Minister for Superannuation and Corporate Law
3 December 2007 - 8 June 2009
"What's happened since we last met?"
Address to the Mortgage and Finance Association of Australia National Convention
5 June 2009
Thank you for that kind introduction.
I'm delighted to have been invited to again to address the Mortgage and Finance Association of Australia's National Convention.
I value the important work that the MFAA plays in elevating the role and standards of your industry. And I particularly appreciate your focus on promoting professionalism for your members, and excellence for the benefit of your customers.
I'd also like to thank MFAA for your important contributions to the development of public policy. For example, MFAA was a member of the Industry Consultation Group which advised Treasury on the development of the draft Consumer Credit Reform Package.
MFAA also made submissions to both the Green Paper on Financial Services and Credit Reform in June 2008 and, more recently, the exposure draft of the National Consumer Credit Protection Bill 2009. I'll talk a bit more about the new national consumer credit regime in a few minutes.
Economic outlook for Australia and Government's recovery response
Today, I have been asked to talk about "What's happened since we last met?"
Well, we all know that a great deal has happened since I addressed the 2008 MFAA convention. Over the last year, the global economic outlook has deteriorated sharply. We now face the most challenging global economic conditions since the Great Depression.
Ladies and gentlemen, when I addressed the MFAA convention in May last year, I said that the Rudd Government's first Budget combined nation-building initiatives with programs to redress the balance in favour of working families. I also said that our 2008 Budget began a new era of investment in Australia's long-term future.
To support jobs today by investing in the infrastructure Australia needs for tomorrow.
The 2009 Budget has at its core a $22 billion investment in the infrastructure our nation needs to grow and flourish in the years ahead.
It focuses on an unprecedented push for jobs and productivity, built on the roads, rail, ports and broadband that are the building blocks for sustainable growth.
The measures in this Budget build on the early and decisive action the Government has taken.
And, the success of our economic stimulus strategy was confirmed earlier this week with the release of the National Accounts figures.
During the March quarter, the Australian economy outperformed every other advanced economy. Australia's GDP rose by 0.4 per cent to be 0.4 per cent higher through the year, boosted by the early policy action taken by the Rudd Government and the Reserve Bank of Australia.
This positive outcome is a clear demonstration of Australia's resilience amid the global recession, and compares dramatically with nearly all other advanced economies.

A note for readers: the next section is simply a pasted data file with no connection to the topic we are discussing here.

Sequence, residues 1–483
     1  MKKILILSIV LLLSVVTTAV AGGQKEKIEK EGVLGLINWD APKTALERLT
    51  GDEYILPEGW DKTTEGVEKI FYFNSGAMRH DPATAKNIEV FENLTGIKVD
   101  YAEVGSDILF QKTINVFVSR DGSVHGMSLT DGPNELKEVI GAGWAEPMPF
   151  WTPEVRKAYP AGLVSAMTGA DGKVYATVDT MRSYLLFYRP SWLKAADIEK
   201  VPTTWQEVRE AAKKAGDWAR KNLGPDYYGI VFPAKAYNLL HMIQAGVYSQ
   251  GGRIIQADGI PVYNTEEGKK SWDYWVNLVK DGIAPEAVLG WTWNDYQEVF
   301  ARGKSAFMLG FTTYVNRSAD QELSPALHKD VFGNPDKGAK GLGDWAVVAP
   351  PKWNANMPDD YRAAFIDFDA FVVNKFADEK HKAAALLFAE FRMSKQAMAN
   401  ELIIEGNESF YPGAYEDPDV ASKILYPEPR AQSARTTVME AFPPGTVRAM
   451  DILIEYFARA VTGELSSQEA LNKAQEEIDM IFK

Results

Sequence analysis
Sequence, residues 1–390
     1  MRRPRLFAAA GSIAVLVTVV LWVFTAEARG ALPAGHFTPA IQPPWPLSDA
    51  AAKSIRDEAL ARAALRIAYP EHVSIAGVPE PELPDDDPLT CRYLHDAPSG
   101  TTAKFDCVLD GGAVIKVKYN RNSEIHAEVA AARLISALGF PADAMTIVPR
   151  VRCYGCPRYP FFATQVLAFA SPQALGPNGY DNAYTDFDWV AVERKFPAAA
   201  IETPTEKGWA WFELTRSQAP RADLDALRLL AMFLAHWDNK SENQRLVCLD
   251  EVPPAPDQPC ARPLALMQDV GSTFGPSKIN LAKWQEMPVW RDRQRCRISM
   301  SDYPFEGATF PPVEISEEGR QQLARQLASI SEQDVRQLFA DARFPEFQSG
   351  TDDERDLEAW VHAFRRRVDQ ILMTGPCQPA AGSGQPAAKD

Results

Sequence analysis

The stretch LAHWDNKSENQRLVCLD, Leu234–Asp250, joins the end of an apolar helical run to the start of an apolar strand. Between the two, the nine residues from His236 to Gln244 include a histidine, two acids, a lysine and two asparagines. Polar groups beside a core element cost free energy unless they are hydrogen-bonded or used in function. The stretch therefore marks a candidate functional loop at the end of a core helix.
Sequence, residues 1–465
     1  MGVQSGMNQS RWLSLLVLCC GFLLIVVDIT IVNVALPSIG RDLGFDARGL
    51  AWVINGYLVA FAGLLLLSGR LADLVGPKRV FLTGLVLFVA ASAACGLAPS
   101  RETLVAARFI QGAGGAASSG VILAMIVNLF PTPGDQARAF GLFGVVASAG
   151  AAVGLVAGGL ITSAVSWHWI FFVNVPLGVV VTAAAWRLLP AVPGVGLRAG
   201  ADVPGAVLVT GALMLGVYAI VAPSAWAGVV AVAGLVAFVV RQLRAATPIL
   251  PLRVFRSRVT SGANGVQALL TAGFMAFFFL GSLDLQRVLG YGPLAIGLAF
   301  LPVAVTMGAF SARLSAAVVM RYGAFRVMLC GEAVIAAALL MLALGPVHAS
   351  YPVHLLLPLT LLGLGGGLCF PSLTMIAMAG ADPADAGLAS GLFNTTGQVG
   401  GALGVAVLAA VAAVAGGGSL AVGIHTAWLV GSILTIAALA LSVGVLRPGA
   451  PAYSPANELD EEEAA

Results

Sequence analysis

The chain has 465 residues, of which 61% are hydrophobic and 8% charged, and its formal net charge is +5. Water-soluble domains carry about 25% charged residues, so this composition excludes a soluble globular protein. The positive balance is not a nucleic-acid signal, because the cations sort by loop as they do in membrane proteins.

Of the other 22 OECD economies that have reported March quarter outcomes, 20 have contracted. In fact, G7 economies contracted by an average of 2.2 per cent in the March quarter.
And crucially, Treasury estimates that, without the Government's stimulus payments, the Australian economy would have contracted in the March quarter by about 0.2 per cent.
Despite this positive news, it is clear that we are not yet out of the woods. We can expect the full effect of this global recession to have some way to run.
But it is obvious that the Government's economic stimulus strategy is helping to cushion Australia from the worst impacts of the global recession.
And helping to position us to capitalise on the global recovery which lies ahead.
Outlook for housing sector
It was inevitable that the global recession would affect the housing sector.
Dwelling investment fell in the March quarter by 5.6 per cent.
However, strong support for housing activity is expected in coming quarters as the Government's housing stimulus measures and low interest rates flow through to construction activity.
As part of the Economic Security Strategy announced on 14 October, the Government introduced the First Home Owners Boost.
And in the 2009 Budget, the Government announced that the First Home Owners Boost will be extended until 30 September 2009. From 1 October to 31 December 2009, a reduced amount will be paid. And from 1 January 2010, the usual First Home Owners Scheme will apply.
By extending the First Home Owners Boost, we are providing opportunities for more Australians to enter the housing market for the first time. And this demand will support many thousands of jobs in the sector.
Looking ahead, in 2010-11, activity in the housing sector is expected to be supported by strong underlying demand and significant easing in monetary policy. This will set the scene for a solid recovery with expected growth of 11.5 per cent.
Key reforms relating to financial sector
As part of the Rudd Government's broader strategy which has allowed Australia to withstand the worst effects of the global recession, we are making important reforms to the regulation of financial services in this country.